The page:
Few countries can match the drama that has marked the wars for political supremacy in Thailand’s recent history. Since 1992, the country has seen 10 prime ministers. Elected leaders have been turfed by courts for electoral fraud and by the military for failing to maintain a grasp on street protests. One prime minister was kicked out because he was getting paid to host a TV cooking show while in office. Since 1932, Thailand has experienced 18 coups.
Along the way have come a litany of national black marks, including government-sanctioned extra-judicial killing, frequent mobs in the streets, the closing of Bangkok’s two airports for eight days in 2008, and the shooting on demonstrators by the military in 2010. The latest round of unrest, now more than two months old, has reduced Prime Minister Yingluck Shinawatra to caretaker status after she was pressured into dissolving parliament in December, ahead of elections that may or may not take place in early February. Starting Monday, anti-government protesters vow to block major intersections to shut down Bangkok.
Yet Thailand also appeared – until recently – an unstoppable powerhouse.
For decades, Western investors have been lured here by a cheap and talented work force – in 2012 alone, nearly $12.5-billion in foreign capital flowed into Thailand’s bond and stock markets – and it is among the world’s most-visited countries. Toyota in Thailand brags that the skill of its workers, the quality of their product and the efficiency of its operations are comparable to Japan. Thailand makes more pickup trucks than any other country, leads the world in output of canned tuna production and is a major producer of global staples such as rice and sugar, as well as premium plastics and rubber products – including condoms. Thai workers make vast amounts of cameras and hard drives, ecocars and automotive parts, jewellery and ceramic tile.
All of which prompts an obvious question: Why can’t Thailand get its bearings?
The question matters both inside Thailand, where the instability is exacting a growing economic toll, and outside, among the array of foreign interests with an increasingly deep stake in a country among the first generation of south-east Asian “tigers.”
In recent months, the demonstrators once again marshalling in the streets have sent money scurrying away. Tourist visits are down some 15 per cent. In November alone, foreign investors withdrew $3.7-billion from Thailand; in December, the country’s stock market marked a record 11 consecutive days of declines, a reminder that trouble in Thailand has much broader ramifications. At the same time, voices inside the country are warning that without some sort of change, Thailand is at risk of losing out to its economically ascendant neighbours.
But looking for fixes means diving into a mess decades in the making.
One aspect is a Thai institution so sacred as to be beyond criticism. Thailand’s monarchy is among the vestiges of a place that prides itself on being the only south-east Asian country without a history of colonization. The current king has reigned since 1946. And while Thailand is a constitutional monarchy, the palace wields influence through what academics call a “network monarchy” whose sway has grown in the past half-century.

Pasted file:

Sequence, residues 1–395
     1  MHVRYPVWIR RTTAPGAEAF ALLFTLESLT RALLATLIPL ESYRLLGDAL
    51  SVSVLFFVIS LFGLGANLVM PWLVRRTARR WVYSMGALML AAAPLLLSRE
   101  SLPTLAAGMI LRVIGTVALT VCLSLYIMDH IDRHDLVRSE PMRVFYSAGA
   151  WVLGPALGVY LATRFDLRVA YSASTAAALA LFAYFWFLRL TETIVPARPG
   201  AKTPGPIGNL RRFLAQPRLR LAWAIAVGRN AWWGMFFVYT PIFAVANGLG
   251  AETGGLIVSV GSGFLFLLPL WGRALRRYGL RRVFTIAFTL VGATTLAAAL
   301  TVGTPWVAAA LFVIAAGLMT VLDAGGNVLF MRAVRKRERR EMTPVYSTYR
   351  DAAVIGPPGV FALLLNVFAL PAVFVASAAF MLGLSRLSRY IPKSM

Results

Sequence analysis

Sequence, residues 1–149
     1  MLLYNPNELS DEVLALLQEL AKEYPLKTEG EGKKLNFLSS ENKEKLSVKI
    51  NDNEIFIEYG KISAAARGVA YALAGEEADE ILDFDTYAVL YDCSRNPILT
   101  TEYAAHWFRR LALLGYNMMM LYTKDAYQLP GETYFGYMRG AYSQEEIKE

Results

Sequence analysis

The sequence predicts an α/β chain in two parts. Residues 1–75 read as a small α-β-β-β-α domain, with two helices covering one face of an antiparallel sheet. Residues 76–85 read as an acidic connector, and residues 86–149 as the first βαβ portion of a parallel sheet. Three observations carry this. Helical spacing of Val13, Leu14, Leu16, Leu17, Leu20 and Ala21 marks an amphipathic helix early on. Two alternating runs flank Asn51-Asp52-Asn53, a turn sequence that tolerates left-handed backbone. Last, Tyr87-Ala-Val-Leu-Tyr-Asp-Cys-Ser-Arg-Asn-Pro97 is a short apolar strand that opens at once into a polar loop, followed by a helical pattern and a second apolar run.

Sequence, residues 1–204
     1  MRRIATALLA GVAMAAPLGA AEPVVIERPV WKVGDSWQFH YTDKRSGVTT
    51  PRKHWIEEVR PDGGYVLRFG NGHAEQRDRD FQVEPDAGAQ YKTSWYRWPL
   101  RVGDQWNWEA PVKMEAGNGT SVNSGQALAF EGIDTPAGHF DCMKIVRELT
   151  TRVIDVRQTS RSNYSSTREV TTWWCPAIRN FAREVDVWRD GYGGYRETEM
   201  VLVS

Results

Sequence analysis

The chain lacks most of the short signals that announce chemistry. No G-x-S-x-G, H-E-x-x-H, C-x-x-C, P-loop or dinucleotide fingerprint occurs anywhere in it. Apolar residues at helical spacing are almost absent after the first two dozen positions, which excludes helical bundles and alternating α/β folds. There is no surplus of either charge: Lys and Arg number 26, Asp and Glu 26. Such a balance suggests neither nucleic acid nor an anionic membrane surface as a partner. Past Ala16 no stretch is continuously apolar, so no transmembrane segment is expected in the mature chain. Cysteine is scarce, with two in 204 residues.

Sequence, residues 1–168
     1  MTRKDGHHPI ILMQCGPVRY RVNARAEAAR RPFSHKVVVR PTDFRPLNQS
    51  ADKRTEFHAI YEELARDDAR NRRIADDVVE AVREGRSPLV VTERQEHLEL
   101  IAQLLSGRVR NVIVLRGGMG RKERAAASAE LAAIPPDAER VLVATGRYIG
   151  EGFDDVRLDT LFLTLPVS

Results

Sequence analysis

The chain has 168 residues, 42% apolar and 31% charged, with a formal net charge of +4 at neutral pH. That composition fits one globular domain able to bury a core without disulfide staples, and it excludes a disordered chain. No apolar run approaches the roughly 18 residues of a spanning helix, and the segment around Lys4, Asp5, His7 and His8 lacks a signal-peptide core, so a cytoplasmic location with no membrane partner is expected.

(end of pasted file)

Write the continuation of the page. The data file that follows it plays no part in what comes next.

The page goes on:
Federico Ferrara, in his book Thailand Unhinged, describes a “precipitous rise in royal power and prestige” that has “tilted the balance of power in favour of the palace” and its coterie of advisers, judges and military commanders.
Elected officials, as a result, have been unable to “place the military under civilian control, take charge of the machinery of government, and set national policy,” he wrote.
Thailand’s king remains tremendously popular in a country festooned with his portraits, but under him the monarchy has “had at best a mixed record supporting democracy, and hasn’t allowed a fully democratic political system to emerge,” said David Streckfuss, an American researcher based in Cambodia.
Further complicating matters, a new force has emerged in the past 10 years, and with it additional problems. Historically, Thai politics was dominated by individual personalities. In 2001, Thaksin Shinawatra, the controversial Thai billionaire now living in exile, became prime minister in part by campaigning on a broad populist platform. He appealed to those outside cities who make up a large share of the population, helping amplify a schism between the country’s urban wealthy – which developed into a movement traditionally called the Yellow Shirts – and rural poor Red Shirts.
“This is a politically intractable situation – red-shirts have the votes, yellow-shirts have Bangkok and the elite – piled on top of economic policy failure. It is a downward spiral,” said Joe Studwell, who has written extensively on the problems facing south-east Asian countries.
Graft, meanwhile, has flourished. Thailand now ranks 102nd in the Transparency International corruption index, worse than the Philippines and Colombia. Businessmen, academics and anti-corruption campaigners offer a consistent estimate: for every 100 baht in capital spending by the Thai government today, some 20 to 30 lines pockets. It’s become so routine that polls show some two-thirds of Thais find corruption acceptable, so long as they see some benefit.